Tuesday, March 16, 2010

The final gasp of Obamacare?


What the Democrats are doing this week shouldn't surprise us. After all, they pride themselves on being smarter than we and therefore know what's best for us. How else to explain the desperate and unconstitutional effort to get the monstronsity of a healthcare bill passed before Easter recess? By the way, the rush to get it done now is because Pelosi, Reid, et al don't want the 75% of Americans who hate this bill to have a chance to dissuade Congress members during the extended time off back in their home districts.

The Supreme Court has ruled that before a bill can become law, both houses of Congress must pass the exact version of the bill. The Democrats are playing fast and loose with the rules now, trying to get the House to pass a faux bill that can be altered later. Such is the level of their desperation and, dare I say it, immorality. Surely we can agree that Macchiavellianism is immoral and certainly, the Dems feel the end justifies the means at the moment.

Where is the outrage from the media about this? Oh, yeah. They're still in love with Obama, even though there are starting to be defections in the Anointed One's journalism army. One thing is for sure: the American public understands this mess. They have phoned the offices of fence-sitting representatives so much this week that some reps have had to disconnect their lines.

Hopefully, by Saturday, this healthcare bill will be dead...the bill that Obama hasn't read, he admits, and the bill that Pelosi wants us to pass and THEN find out what's enclosed. It will truly be a relief to finally stomp the last bit of life from this monstrosity and get started on a health bill that makes sense and doesn't hamstring our kids and grandkids financially. However, should it pass using the slimy, dirty trick process, I feel certain that the Supreme Court will quickly rule it unconstitutional. Mercy, would I love to write the majority opinion for that decision.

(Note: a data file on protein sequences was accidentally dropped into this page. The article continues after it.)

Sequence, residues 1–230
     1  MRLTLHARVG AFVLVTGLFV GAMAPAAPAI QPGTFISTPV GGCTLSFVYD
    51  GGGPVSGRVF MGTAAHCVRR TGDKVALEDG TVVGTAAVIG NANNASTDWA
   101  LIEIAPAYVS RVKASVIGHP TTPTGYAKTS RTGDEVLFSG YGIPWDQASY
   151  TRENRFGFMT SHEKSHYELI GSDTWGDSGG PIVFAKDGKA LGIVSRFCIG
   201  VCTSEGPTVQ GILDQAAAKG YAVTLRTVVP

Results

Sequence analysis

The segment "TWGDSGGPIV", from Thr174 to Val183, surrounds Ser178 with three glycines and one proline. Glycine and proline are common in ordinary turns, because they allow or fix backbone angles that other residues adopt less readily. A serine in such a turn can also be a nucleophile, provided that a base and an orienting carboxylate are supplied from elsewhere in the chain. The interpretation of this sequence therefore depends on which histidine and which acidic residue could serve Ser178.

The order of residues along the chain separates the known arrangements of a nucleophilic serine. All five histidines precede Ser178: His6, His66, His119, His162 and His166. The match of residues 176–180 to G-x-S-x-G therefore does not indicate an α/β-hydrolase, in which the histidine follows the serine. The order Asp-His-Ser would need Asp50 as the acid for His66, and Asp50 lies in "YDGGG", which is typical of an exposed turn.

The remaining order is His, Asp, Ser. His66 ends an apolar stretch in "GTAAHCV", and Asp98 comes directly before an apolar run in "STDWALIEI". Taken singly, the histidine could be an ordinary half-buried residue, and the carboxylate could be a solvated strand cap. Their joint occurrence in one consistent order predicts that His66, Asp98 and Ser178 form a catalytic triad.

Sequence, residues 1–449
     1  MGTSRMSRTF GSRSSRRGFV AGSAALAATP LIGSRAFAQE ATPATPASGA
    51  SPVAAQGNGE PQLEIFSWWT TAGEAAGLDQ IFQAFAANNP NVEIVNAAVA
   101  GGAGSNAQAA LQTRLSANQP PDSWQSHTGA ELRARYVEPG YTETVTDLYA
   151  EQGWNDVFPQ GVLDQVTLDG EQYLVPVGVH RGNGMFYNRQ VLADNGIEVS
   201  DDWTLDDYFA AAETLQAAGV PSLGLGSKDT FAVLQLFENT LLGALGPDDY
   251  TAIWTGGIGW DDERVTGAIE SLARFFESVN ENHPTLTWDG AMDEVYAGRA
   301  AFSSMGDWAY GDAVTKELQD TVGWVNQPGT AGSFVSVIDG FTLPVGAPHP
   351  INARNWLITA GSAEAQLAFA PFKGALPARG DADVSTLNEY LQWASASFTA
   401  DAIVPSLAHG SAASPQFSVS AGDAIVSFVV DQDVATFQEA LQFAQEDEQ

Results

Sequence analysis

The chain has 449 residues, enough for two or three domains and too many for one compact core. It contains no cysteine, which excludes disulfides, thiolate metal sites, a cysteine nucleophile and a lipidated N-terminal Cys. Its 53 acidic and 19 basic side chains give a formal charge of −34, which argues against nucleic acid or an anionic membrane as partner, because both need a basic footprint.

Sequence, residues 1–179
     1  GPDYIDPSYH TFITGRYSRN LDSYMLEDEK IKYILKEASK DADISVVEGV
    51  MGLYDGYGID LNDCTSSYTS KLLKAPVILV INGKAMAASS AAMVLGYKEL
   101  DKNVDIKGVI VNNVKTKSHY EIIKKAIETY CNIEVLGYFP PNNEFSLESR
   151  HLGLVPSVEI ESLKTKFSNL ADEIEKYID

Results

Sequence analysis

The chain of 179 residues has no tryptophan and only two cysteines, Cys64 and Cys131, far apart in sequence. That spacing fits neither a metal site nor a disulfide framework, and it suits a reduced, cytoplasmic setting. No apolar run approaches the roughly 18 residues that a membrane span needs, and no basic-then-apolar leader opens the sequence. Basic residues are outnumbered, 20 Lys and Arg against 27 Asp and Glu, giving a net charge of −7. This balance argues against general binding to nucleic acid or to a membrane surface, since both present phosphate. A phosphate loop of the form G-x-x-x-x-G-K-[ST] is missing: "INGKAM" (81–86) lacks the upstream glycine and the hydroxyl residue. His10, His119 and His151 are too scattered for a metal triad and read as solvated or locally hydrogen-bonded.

5 comments:

Jeff S. said...

I'm not asking for your own version of a 2000-page health bill, but what kind of health bill would "make sense" to you? What is bad about requiring insurance companies to cover people with pre-existing conditions? What is bad about requiring insurance companies to do away with lifetime-payment caps? What is bad about requiring insurance companies to keep insuring someone when he or she gets sick.

You speak of morality: is there anything remotely moral about someone in the richest country on Earth dying because he can't afford treatment? I'm just looking for the Republican perspective here.

Tim Perkins said...

I have nothing against covering people with pre-existing conditions. I have a grandson who will forever fall into that category.

What most Americans want, not just Republicans, is a bill that tweaks the current healthcare situation in America. Not one that lets the federal government be in charge of doctors, hospitals, and patients. Not one that will force doctors from their profession. Not one that raises taxes four years before being implemented.

Tim Perkins said...

Jeff: Also, how compassionate is it to cut Medicare and Medicaid and force our seniors to somehow make up the difference?

Also, how moral is abortion? Do we really want government-funded abortions?

This bill is an abomination...nearly 80% of the country doesn't want it. And yet Obama, Pelosi, et al are determined to turn a deaf ear to the people who put them in office and shove it down our throats anyway.

Jeff S. said...

I love how Republicans in Congress are all of the sudden the great defenders of Medicare and Medicaid, when they have loathed the programs since their inception. They screamed "socialism" back in the 1960s before the two became law. That is a perfect example of how the current Republican party will do anything to achieve its political ends.

Your reference to abortion and morality is precisely the reason I don't like to mix morality and politics. Putting those two topics together is like running on a treadmill: it gets us nowhere and accomplishes nothing. We can both bring up policies of each party that we each might consider immoral (abortion, equal rights for homosexuals, starting an unnecessary war, torture, etc. etc.). And when the argument is over--if it ever is--no one's mind has been changed. It's much more effective to talk strictly about policy without injecting morality into the discussion.

And I am curious about your 80%-opposition figure. That is nothing close to what I have seen. Here is a Pew poll conducted yesterday that puts opposition just below 50%.

http://people-press.org/report/?pageid=1682

Carole said...

I thought as Christians, we combined morality with every facet of our lives. (?)

Quote:
"That is a perfect example of how the current Republican party will do anything to achieve its political ends."
With all the arm-twisting, bribes, lies, threats by the OTHER party the last few weeks, and it's the Republicans who will do anything to achieve its political ends?????